A friend of mine fixed my slingshot yesterday. I am now armed and dangerous. I'm just waiting for the deer or groundhog to show up. I've acquired a squirrel and bunny too. Forget all my earlier warm and fuzzy feelings for wildlife. I'm feeling murderous.
I was weeding my garden the other day when a fawn jumped up and leapt away. I briefly thought "How beautiful!", then lamented the fact that I hadn't hit it on the head with my shovel. To make things worse, I found a tick on my leg. This is a new thing for my part of the world, and I know the deer brought it. The tick hadn't attached itself yet so I picked it off of me and the damned thing bit me, which hurt far more than you'd think a little bug could hurt, except I'm still suffering from spider bites from my basement so I know small beings can create a world of misery. Nature is against me!
My turnips are thriving and the rhubarb is doing great. Sigh. Really, how many people want to survive on turnips and rhubarb? The happiest thing I can report on my garden is that my peonies have finally decided to bloom after 3 or 4 years of disappointment and my slingshot fixing friend gave me a new idea for deer obstacles. I'm also very pleased that the caretaker of my next-door neighbor is clearing that backyard of years of neglect. The view from my back windows is a very happy green and I'm trying really hard not to let the incessant sound of the chainsaw or tractor drive me insane.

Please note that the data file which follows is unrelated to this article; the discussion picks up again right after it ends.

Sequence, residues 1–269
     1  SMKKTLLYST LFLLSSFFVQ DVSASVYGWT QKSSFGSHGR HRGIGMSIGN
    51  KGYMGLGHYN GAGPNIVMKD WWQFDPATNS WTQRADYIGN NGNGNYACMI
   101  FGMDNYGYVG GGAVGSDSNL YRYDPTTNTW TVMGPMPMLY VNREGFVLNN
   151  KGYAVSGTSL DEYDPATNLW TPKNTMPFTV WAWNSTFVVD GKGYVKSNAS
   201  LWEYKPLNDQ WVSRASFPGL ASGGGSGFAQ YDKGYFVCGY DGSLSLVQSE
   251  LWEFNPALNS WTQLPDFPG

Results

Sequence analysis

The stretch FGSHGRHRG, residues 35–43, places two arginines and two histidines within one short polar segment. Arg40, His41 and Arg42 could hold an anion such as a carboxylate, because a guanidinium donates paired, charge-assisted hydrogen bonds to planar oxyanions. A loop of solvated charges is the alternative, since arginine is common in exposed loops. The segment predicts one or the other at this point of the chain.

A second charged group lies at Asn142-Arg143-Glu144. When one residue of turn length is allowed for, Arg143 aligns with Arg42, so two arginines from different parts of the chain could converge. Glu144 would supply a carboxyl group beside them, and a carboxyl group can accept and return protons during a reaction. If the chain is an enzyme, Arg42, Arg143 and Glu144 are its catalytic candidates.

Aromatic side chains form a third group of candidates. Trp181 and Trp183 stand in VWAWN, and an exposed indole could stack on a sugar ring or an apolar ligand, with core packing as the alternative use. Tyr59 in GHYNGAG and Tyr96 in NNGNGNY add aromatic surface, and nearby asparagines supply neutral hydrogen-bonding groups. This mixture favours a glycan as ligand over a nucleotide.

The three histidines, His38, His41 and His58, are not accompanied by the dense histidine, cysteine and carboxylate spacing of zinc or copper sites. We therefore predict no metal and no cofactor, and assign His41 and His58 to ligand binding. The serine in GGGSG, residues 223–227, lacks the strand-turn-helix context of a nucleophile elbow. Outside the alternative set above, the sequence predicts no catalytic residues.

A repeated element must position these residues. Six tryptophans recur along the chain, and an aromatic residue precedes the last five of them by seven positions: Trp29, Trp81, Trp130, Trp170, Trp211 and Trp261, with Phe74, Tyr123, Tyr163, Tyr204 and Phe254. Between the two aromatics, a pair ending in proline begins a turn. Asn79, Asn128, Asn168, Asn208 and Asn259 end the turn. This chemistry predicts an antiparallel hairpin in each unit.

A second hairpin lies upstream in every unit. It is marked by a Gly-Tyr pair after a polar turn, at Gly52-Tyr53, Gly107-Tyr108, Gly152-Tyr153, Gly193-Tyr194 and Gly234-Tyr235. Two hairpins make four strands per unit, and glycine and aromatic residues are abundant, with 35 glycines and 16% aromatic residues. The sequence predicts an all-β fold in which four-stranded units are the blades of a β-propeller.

My city had a garage sale day and I lugged lots of things to my garage. About 10 people showed up because apparently all the other sales were on the other side of town. I don't think I can even count all of my visitors because that included a neighbor and Mom. I'm torn between putting all my stuff back in the basement or donating it to a good cause. I also wonder about leaving it all in the garage and having another sale later in the year. I did manage to sell 3 large and heavy objects so even with such a poor turnout I'm counting my sale as a success. Besides, a few friends came over and kept me company, and that always makes for a pleasant day.
The sentence which spawned this illustration for the Mensa Bulletin is "For dinner, the Girl Scouts ate steak, onions and ice cream." Well, that's just silly. It sounds like the ice cream has onions in it, and that isn't an ice cream any of us wants to eat.
I am not a grammarian. I know some of the rules, and I've read a lot, but I'll admit I just put in commas where they feel right. I think I get it mostly right? Sometimes I ask my friend the former English teacher for advice. Despite my lack of conviction about most grammar rules, I'm certain that I fully agree with the article's author, Richard Lederer, in the use of the serial comma (also called the Harvard or Oxford comma). Example: The groundhog ate my basil, Swiss chard, and tomatoes. The comma we're talking about is after "chard". It has become a popular trend to leave that comma out, but that trend needs to be stopped!
|Another green thing, though not an original idea, a cactus I made by painting rocks as a gift to someone who hates taking care of houseplants. She was thrilled with it.|